Most of us know telephones, especially public phones, can carry a number of germs on them. However, people tend to give this little thought, unless it’s flu or cold season. Even then, how many of us actually wipe clean a telephone receiver before using it? Very few, if truth be told.
Picking up more than a Call
During the winter of 2007, a study was conducted at a large U.S. university, which examined 25 telephone mouthpieces. The following was present on 64 percent of the mouthpieces:
- Staphylococcus aureus, which can cause a wide variety of diseases in humans
- Vancomycin-resistant enterococci, bacteria that can cause serious infection and, due to its durability and resistant nature, is often compared to methicillin-resistant Staphylococcus aureus (MRSA)*
- Klebsiella ozaenae, bacteria associated with serious respiratory diseases.
The researchers also tested the efficacy of disinfectants to reduce or eliminate the bacteria counts. To do this, the mouthpieces were cleaned using wipes that contained 70 percent isopropyl alcohol, 1.84 percent sodium hypochlorite, or quaternary ammonium compounds. According to the investigators, the sodium hypochlorite-based cleaner demonstrated the greatest efficacy at removing or killing test organisms from telephone mouthpieces.
The data and researchers indicate that the wipes and the tested cleaners are appropriate “and needed” for cleaning and disinfecting public telephones as well as other shared telephones, such as those in offices, schools, and other facilities.
Hold the Phones
However, there is conflicting data and debate. In another study, which was carried out by the Welsh School of Pharmacy, Wales, the superbug MRSA was able to survive on surfaces, even after different pre-treated antibacterial wipes were used.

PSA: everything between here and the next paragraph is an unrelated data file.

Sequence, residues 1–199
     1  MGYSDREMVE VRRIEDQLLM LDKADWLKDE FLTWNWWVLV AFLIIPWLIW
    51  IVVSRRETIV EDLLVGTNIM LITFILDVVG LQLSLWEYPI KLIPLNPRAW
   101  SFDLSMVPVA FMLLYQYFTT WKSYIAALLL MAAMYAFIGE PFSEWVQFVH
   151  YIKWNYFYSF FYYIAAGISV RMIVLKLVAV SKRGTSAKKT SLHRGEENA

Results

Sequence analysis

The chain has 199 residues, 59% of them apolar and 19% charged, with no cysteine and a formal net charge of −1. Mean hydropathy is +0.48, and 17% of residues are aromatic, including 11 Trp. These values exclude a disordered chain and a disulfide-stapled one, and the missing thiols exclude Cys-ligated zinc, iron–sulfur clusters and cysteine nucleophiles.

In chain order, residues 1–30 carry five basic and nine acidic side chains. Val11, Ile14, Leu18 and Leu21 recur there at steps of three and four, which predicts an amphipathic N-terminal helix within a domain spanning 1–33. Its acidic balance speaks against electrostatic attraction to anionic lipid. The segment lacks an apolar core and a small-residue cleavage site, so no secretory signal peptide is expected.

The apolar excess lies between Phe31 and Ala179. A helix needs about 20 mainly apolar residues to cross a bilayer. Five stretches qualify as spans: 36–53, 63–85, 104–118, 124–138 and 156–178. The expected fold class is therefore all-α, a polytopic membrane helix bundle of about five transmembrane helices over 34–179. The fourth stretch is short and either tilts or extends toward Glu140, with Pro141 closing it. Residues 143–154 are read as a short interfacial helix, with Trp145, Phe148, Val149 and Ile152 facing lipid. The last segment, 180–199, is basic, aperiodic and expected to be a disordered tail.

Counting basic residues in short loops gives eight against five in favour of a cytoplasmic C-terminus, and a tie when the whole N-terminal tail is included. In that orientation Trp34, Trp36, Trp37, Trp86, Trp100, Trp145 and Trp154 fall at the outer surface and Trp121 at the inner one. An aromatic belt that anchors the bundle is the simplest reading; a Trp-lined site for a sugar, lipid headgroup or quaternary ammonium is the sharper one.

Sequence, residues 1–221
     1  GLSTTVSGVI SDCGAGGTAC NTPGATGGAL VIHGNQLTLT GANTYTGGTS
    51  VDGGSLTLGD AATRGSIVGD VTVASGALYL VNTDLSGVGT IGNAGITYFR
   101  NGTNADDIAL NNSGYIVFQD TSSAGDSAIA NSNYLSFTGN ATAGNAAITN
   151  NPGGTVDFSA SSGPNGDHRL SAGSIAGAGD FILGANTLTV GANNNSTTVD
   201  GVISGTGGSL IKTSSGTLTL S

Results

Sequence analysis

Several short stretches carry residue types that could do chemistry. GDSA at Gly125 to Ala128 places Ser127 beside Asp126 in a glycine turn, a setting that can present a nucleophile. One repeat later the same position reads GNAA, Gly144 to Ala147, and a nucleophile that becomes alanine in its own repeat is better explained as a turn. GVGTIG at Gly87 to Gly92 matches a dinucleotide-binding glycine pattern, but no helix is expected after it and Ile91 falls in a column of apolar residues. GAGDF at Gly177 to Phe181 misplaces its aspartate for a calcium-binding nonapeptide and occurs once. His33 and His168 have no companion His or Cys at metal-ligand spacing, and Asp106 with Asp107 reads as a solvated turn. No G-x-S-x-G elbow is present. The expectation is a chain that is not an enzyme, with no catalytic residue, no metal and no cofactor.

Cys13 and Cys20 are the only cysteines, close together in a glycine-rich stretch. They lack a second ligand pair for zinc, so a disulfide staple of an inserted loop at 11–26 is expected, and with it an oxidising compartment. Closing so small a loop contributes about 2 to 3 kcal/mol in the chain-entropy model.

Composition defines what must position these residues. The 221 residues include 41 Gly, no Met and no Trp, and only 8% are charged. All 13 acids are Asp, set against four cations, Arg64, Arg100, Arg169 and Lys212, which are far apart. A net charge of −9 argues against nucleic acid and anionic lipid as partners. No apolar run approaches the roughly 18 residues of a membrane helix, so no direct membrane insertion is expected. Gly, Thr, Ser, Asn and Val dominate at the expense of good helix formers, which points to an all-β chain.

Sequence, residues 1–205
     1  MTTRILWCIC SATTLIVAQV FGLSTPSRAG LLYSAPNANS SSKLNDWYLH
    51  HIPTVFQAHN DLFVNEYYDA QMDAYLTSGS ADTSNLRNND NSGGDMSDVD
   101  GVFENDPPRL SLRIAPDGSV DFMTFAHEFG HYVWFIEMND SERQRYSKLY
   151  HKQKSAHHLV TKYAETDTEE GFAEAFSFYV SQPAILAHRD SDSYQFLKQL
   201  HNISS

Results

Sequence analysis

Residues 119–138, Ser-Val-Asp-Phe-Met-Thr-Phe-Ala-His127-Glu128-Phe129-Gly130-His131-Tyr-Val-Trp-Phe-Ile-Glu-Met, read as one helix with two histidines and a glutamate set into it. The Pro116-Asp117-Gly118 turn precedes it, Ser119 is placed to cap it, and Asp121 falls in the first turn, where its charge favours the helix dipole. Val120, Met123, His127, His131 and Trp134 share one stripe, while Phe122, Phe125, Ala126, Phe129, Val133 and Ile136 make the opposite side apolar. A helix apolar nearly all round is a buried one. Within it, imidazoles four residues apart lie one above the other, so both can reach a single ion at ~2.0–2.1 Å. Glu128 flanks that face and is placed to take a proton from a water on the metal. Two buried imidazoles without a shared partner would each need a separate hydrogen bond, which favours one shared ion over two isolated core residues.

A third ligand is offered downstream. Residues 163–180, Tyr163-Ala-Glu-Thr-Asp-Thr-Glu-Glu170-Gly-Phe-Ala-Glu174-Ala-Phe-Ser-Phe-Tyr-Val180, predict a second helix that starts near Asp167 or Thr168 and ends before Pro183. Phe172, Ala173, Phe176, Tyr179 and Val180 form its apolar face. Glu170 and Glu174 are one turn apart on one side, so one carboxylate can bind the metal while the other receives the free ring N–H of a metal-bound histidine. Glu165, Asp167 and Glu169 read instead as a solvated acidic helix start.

The reasons for this, according to this study, varied:
- In some cases, the wipes that were marketed as being able to kill MRSA simply did not kill the germs and bacteria associated with the infection.
- In some situations, the wipe container was not air-tight, causing bacteria-killing disinfectants to dry and lose their efficacy.
- Further, researchers also concluded that these containers may have been touched and contaminated by the soiled fingers or gloves of the user.
A further problem—and one of the most serious the study revealed—was that the antibacterial wipes were used on several surfaces. The problem this caused was that instead of killing germs, the wipes were actually spreading germs and bacteria from location to location.
The Welsh researchers suggested one way to make sure the wipes are effective is to just use for one application and then discard. “Use it and lose it,” was their recommendation.
Additionally, because some antibacterial wipes were not effective against MRSA-causing bacteria, a dry wipe, instead of a pre-treated wipe, may be a better option. With a dry wipe, the user can use the appropriate chemical disinfectant as needed, which will ensure the cleaning is effective at killing germs and bacteria. Further, since the wipes are treated with disinfectants when needed, it is less likely they will lose their germ-killing powers due to drying out or becoming contaminated in their container.
*Methicillin resistant Staphylococcus aureus